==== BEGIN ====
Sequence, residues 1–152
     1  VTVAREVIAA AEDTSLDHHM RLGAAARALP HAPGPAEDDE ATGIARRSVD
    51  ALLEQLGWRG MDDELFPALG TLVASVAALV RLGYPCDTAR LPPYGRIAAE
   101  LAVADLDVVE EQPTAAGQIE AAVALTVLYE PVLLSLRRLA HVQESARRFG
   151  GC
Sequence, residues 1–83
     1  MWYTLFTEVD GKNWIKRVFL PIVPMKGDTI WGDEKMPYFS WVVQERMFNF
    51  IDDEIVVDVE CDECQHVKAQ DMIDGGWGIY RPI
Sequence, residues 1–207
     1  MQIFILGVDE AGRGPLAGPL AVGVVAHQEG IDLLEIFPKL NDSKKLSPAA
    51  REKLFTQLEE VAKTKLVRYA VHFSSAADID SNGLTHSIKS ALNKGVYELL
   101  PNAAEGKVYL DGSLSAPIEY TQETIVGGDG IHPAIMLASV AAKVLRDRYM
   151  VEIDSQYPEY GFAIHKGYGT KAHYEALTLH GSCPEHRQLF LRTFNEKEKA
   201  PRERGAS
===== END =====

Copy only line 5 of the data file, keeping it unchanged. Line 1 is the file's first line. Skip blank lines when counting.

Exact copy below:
   151  GC